Thich Nhat Hanh says it is important to heal our interior wounds or we risk bringing these wounds into our relationships, into our children’s lives, and out into the world. It might start with the Christmas card, but it quickly moves on to bigger things, like dinner options, visa bills, and a vacuous social calendar. Is there no end to the contention?

No, but there are techniques that can be helpful.

He says we have to be careful to produce thoughts that are in line with right thinking, the kind of thinking that goes along with empathy, understanding and compassion. I know, it’s not easy, coffee helps.

He claims, we have opportunities to produce right thinking in every moment of our lives, your words bear your signature, and that becomes your legacy. Um, this is sort of important. By the way Jesus had the same message, a radical reordering of our priorities, where extreme acts of kindness are common place, it’s called the reign of God. Get on board people!

“Let no one ever come to you without leaving better and happier. Be the living expression of God’s kindness: kindness in your face, kindness in your eyes, kindness in your smile.” Mother Teresa

The quality of our happiness depends on the quality of seeds we carry, plant, and water. What we see, hear, read, eat, drink, or think either nourishes the good or feeds the bad in us (yes, just for the sake of transparency, lust, lies, gluttony, pride, envy, greed, anger, and laziness are bad, sorry). Therefore what comes out of us is reflective of our interior environment. I realize manure is normally considered a fertilizer, but in this circumstance, not so much.
“Love is that condition in which the happiness of another person is essential to your own.” Robert A. Heinlein

Environment is crucial. You become that which you surround yourself with, so choose wisely, toxic people are not only without light, they are professional happiness hijackers. Who has time for that?

As a couple (not necessarily married) there are ways to avoid suffering. Who knew? Thich Nhat Hanh says by acknowledging the harmful seeds each of us carries, and committing to not watering those seeds in each other, we can avoid all sorts of pain in our relationships. If I choose not to water your seeds of anger, jealousy, and fear, and you promise not to water mine, we protect each other. See how that works? We also have good seeds, which germinate awakening, compassion, joy and forgiveness, but it takes awareness to satiate these vibrant roots. Get a watering can.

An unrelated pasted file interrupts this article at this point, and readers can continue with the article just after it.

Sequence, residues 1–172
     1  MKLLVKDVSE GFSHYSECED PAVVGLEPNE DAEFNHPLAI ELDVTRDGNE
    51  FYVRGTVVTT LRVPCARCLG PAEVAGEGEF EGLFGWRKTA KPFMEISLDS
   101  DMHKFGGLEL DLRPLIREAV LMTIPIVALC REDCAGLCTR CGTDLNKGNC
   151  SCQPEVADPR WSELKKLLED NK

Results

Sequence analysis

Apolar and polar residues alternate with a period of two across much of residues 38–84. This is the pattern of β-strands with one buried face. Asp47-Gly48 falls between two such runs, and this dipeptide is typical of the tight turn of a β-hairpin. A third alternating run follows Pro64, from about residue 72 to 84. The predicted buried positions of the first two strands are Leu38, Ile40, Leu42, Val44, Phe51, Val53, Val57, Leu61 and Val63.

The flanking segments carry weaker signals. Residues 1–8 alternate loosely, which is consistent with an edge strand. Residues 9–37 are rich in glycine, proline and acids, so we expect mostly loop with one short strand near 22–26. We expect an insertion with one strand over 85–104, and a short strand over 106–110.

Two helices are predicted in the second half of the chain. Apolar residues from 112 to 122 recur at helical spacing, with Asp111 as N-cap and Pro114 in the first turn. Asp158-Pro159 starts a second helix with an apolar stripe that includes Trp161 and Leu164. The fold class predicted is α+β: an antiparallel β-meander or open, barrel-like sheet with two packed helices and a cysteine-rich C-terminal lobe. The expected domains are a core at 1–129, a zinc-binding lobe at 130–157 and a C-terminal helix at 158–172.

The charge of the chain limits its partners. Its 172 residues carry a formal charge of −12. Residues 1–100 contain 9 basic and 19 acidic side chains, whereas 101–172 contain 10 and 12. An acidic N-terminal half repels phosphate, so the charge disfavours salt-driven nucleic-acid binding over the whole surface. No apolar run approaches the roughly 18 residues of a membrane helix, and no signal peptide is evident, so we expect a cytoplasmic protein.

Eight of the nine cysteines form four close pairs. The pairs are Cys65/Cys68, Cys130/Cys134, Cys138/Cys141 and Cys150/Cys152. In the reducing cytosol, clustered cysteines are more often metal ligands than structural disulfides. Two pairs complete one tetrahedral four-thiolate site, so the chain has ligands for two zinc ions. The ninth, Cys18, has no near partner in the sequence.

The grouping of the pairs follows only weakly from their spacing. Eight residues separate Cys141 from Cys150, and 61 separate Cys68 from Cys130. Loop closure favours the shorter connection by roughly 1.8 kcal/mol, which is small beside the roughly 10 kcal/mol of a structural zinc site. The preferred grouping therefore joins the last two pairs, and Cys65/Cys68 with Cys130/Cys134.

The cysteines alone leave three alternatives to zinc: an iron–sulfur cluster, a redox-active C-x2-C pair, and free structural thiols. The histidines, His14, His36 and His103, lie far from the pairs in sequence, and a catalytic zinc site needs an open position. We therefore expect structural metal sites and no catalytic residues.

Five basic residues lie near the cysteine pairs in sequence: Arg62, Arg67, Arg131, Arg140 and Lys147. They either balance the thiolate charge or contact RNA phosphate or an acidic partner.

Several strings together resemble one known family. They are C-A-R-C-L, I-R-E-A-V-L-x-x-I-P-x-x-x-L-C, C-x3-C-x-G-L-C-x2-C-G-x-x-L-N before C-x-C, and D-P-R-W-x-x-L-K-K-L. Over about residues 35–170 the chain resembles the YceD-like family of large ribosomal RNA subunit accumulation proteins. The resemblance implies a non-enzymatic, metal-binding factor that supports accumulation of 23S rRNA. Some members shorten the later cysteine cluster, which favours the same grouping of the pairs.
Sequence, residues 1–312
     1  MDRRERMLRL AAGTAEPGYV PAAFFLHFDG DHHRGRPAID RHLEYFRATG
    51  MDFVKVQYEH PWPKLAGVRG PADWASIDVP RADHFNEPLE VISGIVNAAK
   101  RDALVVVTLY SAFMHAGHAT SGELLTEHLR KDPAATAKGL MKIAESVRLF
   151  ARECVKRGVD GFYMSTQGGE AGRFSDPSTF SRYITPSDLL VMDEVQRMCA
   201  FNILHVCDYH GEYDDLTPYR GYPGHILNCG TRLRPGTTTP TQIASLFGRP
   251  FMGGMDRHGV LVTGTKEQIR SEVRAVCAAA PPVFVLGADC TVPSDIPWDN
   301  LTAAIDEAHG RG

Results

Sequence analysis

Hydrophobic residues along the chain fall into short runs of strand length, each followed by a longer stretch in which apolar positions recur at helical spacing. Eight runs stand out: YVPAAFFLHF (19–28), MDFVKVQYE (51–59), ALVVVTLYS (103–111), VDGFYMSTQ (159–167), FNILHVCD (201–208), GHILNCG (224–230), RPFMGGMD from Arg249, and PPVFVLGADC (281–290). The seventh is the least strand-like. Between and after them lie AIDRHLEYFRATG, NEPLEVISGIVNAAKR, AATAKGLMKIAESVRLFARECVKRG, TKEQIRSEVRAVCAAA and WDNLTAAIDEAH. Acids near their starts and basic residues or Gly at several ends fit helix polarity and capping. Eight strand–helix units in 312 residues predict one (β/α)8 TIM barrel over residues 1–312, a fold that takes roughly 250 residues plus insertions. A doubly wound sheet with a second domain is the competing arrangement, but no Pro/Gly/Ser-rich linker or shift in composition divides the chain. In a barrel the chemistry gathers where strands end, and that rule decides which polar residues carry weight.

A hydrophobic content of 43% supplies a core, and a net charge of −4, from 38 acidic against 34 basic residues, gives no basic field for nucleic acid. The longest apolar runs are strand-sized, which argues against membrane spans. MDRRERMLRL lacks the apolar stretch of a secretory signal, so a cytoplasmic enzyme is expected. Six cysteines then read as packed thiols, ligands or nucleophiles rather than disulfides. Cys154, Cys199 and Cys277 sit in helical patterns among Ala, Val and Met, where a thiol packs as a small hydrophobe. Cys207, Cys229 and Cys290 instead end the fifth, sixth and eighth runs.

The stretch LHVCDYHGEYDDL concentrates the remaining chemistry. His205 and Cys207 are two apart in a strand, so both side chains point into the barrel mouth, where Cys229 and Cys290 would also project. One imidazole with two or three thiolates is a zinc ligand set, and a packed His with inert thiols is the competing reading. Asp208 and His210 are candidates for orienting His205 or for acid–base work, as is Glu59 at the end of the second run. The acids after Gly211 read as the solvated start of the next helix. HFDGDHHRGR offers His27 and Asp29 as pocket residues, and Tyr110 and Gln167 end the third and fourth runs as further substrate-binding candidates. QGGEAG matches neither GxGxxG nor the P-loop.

“Out beyond ideas of wrongdoing
and right doing there is a field.
I’ll meet you there.

When the soul lies down in that grass
the world is too full to talk about.”
Jalal Ad-Din Rumi

Love is warm, inviting, compassionate, palpable, manifest through our very actions. And by the way words count, see he’s about to be made flesh, bringing his undouseable light into the world, so that we may have life, and have it abundantly. (John 10:10)

Clift notes on avoiding the Happiness Hijacker:

You will need…
1. Three nice people in your life, two at a bare minimum, who are available 24/7, and love you. (References available upon request).
2. A good dog, cat, bird, or fish (if you have commitment issues).
3. To smile, reach out, assist, calm, compliment, forgive, support, restore, rectify, remedy, and liberate one another, especially your significant other. (Hello, it’s not all about me).
4. Meditate on your inner child, better yet meditate on your wounded children, carefully bandaging the most painful abrasions, and set those babies free. (That is the objective)
5. Stop expecting others to do what you want. (just stop)

They say you find that which you are looking for? It’s true. In times of distress look for the heros says Mr. Rogers. These are the lamplighters, spreading good cheer, watering the good seeds every where they go.

In spite of all the contrary evidence, if we search for the good in each other, we will find it. It’s what Santa does, “gonna find out who’s naughty or nice,” because it matters, kindness is a gift, bestowed by those who are wise (think gold, frankincense, and myrrh). The good news is while we wait in joyful hope, we can act as beacons for each other, so those of us stumbling around in the darkness, can avoid bruising their shins. Do I hear an amen?
There is only one thing that makes one truly grow old, to grow old interiorly: not age, but sin. Sin makes one old, because it makes the heart inflexible. It closes it, renders it inert, it makes it wither. Pope Francis

Anecdotes:

  • Embracing the Child Within – Thich Nhat Hanh link to full podcast and transcript. Thanks Krista.
  • “They say a person needs just three things to be truly happy in this world: someone to love, something to do, and something to hope for.” Tom Bodett
  • “I felt once more how simple and frugal a thing is happiness: a glass of wine, a roast chestnut, a wretched little brazier, the sound of the sea. Nothing else.” Nikos Kazantzakis,

Previously published on cheryloreglia.blog.